State Supreme Court Justice Michael Gableman says his free speech rights are violated by a judicial conduct rule he’s accused of breaking. That was the response from Gableman’s lawyers yesterday, to a charge from the State Judicial Commission that he knowingly ran a false TV ad against his campaign opponent last spring.
The ad said Justice Louis Butler found a loophole when he served as a public defender to free a rapist who went on to molest another child. What the ad didn’t say was that the Supreme Court overturned the acquittal, and the rapist committed his next crime after he was paroled.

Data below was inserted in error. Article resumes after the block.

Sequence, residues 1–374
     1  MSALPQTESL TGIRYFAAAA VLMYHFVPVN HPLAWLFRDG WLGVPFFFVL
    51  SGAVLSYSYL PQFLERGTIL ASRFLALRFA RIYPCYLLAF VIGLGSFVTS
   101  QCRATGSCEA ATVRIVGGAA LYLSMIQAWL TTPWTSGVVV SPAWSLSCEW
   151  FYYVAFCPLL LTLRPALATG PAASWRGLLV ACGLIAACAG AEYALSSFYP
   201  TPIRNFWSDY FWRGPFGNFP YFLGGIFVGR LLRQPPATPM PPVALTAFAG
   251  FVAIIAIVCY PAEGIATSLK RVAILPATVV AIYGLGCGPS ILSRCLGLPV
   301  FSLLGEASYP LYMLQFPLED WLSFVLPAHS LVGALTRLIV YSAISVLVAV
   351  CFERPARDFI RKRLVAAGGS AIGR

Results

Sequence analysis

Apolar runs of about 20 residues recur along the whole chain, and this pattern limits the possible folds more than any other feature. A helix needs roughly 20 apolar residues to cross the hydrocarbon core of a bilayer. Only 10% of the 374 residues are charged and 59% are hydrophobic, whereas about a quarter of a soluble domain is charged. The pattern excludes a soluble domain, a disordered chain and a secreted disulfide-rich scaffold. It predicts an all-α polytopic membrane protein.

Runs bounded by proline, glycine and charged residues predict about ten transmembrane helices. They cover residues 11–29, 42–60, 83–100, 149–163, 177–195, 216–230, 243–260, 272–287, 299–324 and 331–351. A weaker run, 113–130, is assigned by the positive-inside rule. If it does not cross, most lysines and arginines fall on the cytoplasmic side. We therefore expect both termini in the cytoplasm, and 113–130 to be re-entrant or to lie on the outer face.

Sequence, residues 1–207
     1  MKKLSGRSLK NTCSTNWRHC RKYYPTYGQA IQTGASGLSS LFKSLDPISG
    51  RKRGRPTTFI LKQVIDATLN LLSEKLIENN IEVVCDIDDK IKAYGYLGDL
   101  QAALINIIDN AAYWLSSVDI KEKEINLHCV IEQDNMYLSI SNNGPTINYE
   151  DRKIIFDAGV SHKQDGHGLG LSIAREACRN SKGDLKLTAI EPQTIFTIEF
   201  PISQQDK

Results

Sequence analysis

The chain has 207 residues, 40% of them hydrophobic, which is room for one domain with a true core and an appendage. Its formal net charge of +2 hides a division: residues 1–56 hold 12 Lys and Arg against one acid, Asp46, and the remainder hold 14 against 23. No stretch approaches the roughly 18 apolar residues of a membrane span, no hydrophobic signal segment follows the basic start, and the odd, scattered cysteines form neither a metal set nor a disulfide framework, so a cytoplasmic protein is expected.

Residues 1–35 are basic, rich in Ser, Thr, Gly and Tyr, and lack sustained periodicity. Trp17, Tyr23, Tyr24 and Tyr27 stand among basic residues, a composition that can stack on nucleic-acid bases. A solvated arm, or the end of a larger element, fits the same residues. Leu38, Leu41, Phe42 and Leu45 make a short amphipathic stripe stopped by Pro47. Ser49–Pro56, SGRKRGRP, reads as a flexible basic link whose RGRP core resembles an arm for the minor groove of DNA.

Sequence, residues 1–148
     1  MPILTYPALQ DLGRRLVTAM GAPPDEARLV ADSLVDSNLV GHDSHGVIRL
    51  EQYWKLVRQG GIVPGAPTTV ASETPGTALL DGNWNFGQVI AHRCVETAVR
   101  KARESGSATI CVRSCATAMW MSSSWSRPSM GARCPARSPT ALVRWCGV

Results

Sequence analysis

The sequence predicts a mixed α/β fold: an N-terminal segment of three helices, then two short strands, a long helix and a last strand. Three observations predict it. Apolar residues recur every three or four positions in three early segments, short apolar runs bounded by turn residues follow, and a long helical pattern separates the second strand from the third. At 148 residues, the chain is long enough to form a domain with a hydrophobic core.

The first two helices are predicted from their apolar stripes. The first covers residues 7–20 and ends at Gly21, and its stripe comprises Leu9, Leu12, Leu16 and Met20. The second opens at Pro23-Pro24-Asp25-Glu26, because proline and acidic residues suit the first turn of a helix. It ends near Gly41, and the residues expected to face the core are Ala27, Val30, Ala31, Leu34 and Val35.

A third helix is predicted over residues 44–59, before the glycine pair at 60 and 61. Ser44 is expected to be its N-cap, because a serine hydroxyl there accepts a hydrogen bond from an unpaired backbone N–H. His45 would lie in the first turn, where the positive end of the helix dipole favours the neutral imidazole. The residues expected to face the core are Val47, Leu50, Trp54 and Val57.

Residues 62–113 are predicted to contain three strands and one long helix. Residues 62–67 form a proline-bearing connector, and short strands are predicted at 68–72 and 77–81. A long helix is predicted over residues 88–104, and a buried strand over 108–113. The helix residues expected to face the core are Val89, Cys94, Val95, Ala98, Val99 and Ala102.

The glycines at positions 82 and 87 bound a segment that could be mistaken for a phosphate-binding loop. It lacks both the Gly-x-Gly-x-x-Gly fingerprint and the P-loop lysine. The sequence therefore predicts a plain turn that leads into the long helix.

Gableman attorney Eric McLeod said the ad’s original wording was not objectively false, and the government should not be in the business of deciding which speech is legally a misrepresentation. A three-judge panel will now decide if Gableman should be punished, and how. That recommendation will go to the six other justices, who will make the final decision.